Did you know that seeing the ‘Smoking Kills’ warning that is printed on Cigarette Packs actually activates the brain region that is linked with Craving? Or better yet, did you know that when Babies in advertisements look straight ahead, it can actually distract the observer from the product/service being advertised? As a result, these advertisements tend to have the babies look toward the service/product image so that the observer’s attention is also directed toward it.
These are just a few examples of Neuromarketing, the field that studies the physiological responses of buyers to various marketing strategies. On the surface, Neuromarketing appears to be a fascinating and spell-binding discipline. But when one realises that the data collected in this field will be applied to make consumers buy more (consciously or unconsciously), the fascination takes a back seat to the feeling of being manipulated.If you feel that way, you are not alone. From the strategic use of colour psychology to carefully selected phrases, where is the line between being sold and being manipulated?
Is Neuromarketing actually manipulative?
Neuromarketing can feel invasive to the consumer because it does not simply observe behaviour, or explain it. It goes one step further and tries to alter it in subtle, unconscious ways. Some may feel that their behaviour is being controlled without consent, and others can feel that their freedom in purchasing choices is restricted.
Both these viewpoints have solid counterarguments. Firstly, the assumption that Neuromarketing is controlling behaviour without consent is debatable. For one, neuromarketing studies use safeguards like informed consent to protect participant rights. Additionally, human behaviour does not exist in a vacuum - it is, naturally, influenced in some way, to some extent, by the external environment in ways beyond any control or consent. No human beings exist outside the realm of influence and this is simply the human condition.
Secondly, there is no sure-shot way to ‘control’ consumer behaviour. Purchasing choices are a part of the consumer’s freedom. Neuromarketing is not an irresistible form of nonconsensual hypnosis - it simply sees what minor changes can encourage purchasing decisions. It cannot, in any sense, make a consumer buy something they do not wish to buy. Imagine the influence of Neuromarketing to be a gentle nudge, instead of a shove.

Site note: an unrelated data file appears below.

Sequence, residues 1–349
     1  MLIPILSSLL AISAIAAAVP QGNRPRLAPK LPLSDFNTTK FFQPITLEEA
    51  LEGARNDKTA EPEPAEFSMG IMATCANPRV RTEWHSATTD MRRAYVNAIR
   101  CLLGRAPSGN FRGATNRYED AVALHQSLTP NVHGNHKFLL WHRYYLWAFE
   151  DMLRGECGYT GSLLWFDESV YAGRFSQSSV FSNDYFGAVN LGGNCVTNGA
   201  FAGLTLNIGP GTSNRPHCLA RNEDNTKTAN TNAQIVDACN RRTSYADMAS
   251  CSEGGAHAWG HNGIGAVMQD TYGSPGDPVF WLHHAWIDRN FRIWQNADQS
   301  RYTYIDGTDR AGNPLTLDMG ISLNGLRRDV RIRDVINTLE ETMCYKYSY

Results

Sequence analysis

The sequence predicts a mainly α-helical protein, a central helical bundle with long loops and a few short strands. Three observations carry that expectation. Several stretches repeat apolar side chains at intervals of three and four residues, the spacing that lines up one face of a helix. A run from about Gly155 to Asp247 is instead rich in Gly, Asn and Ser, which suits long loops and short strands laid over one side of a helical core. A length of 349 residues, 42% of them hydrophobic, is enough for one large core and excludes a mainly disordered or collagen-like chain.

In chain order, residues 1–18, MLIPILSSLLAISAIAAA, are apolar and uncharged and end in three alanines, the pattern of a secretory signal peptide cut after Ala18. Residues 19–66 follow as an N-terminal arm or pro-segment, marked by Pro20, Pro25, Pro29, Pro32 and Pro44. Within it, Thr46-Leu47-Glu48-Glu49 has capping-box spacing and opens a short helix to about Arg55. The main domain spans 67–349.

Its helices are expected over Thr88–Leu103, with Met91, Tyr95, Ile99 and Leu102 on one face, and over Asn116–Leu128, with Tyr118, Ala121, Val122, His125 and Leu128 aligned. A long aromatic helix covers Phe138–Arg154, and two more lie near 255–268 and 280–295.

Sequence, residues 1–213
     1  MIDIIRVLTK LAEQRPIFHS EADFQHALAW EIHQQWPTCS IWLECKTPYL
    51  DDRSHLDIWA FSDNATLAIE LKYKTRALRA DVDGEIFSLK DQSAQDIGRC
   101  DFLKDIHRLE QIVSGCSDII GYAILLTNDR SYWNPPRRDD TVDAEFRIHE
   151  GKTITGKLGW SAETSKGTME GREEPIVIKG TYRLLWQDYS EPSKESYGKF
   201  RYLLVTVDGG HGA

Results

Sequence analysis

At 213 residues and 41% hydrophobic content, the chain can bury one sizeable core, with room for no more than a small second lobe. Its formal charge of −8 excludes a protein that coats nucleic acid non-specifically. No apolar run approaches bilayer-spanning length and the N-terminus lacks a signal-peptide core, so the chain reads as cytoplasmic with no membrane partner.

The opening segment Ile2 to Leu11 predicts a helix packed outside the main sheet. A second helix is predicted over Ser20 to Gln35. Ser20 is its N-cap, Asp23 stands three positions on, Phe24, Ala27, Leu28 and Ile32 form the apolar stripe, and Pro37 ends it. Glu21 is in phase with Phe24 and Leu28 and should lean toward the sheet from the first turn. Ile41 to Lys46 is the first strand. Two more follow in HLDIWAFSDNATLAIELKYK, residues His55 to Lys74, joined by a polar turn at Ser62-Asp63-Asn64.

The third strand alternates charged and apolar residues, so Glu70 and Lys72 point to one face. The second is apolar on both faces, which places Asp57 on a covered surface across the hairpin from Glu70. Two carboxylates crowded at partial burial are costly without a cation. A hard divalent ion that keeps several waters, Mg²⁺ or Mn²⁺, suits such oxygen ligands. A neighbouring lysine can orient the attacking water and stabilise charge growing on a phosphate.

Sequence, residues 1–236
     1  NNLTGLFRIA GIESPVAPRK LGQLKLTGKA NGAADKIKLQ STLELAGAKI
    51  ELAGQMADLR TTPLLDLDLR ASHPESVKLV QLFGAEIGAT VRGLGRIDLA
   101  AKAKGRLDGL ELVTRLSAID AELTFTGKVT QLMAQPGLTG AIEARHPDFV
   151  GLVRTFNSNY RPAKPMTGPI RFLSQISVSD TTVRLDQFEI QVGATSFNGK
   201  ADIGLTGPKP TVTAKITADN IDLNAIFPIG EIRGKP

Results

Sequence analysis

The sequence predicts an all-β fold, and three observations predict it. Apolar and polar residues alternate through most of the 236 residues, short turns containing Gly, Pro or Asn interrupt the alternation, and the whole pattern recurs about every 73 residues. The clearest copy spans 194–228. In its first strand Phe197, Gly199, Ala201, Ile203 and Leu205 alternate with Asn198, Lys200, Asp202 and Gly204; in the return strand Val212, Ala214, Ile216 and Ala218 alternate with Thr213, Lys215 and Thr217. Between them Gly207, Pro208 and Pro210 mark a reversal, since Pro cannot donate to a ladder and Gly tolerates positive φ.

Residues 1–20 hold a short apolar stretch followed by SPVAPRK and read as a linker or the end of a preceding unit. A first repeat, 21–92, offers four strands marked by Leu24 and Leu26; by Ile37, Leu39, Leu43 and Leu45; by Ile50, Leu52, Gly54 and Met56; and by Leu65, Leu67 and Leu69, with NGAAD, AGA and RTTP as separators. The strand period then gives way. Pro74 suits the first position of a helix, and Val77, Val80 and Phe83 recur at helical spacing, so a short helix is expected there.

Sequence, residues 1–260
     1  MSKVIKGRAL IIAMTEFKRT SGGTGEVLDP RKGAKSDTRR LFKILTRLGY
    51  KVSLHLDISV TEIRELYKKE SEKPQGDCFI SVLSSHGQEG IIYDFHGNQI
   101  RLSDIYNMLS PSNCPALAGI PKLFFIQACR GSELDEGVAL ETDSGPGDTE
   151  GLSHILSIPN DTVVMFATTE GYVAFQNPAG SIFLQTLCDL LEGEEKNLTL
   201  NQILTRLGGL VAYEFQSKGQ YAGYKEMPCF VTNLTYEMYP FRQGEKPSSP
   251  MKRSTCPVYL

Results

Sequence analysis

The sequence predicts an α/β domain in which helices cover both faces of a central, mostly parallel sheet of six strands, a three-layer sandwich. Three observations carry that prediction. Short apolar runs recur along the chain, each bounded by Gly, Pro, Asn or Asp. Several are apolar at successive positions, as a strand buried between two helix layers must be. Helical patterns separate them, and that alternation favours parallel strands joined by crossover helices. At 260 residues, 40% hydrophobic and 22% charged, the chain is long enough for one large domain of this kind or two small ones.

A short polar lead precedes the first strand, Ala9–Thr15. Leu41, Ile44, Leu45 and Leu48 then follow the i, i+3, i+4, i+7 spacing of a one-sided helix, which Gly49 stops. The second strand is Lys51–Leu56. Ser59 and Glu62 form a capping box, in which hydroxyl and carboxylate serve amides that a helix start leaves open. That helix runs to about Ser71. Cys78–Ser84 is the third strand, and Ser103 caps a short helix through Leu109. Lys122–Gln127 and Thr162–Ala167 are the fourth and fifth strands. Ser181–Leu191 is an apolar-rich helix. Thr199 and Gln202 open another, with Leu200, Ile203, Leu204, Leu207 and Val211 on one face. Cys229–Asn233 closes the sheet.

But this raises another important question - these minor instances of manipulation, are they inherently wrong?
Rewriting the Narrative
Neuromarketing, when used to encourage purchasing, can result in consumers gaining a product worth their time and money. In fact, it is mainly through advertising strategies that consumers are exposed to services and products that significantly improve their life quality, satisfaction and ability. Marketing, at its core, is making people aware of a need and offering a solution. To bring about this awareness, strategies to capture and hold consumer attention is crucial. This is where the intentional use of colour, imagery and wording comes in handy - it can act as a means of communication with the consumer on a subconscious level.
Manipulation, as per the American Psychological Association, refers to “Behaviour designed to exploit, control, or otherwise influence others to one's advantage”. Neuromarketing only deals with the ‘influence’ part of this definition. As stated, exploitation and control of behaviour are lofty goals that neuromarketing strategies cannot dream to achieve.
So yes, Neuromarketing can be, in some innocent ways, slightly manipulative. The use of colours, imagery and words can alter consumer perceptions and perspectives - although not to the degree to threaten autonomy or control consumer behaviour. Rest assured that your purchasing choices, at the end of the day, are yours entirely.
MBA in General Management- FastTrack
Guglielmo Marconi University, Italy
Strategic Human Resource Management Practitioner
Chartered Management Institute, UK
Extended Diploma in International Business and Strategy
Scottish Qualifications Authority, UK
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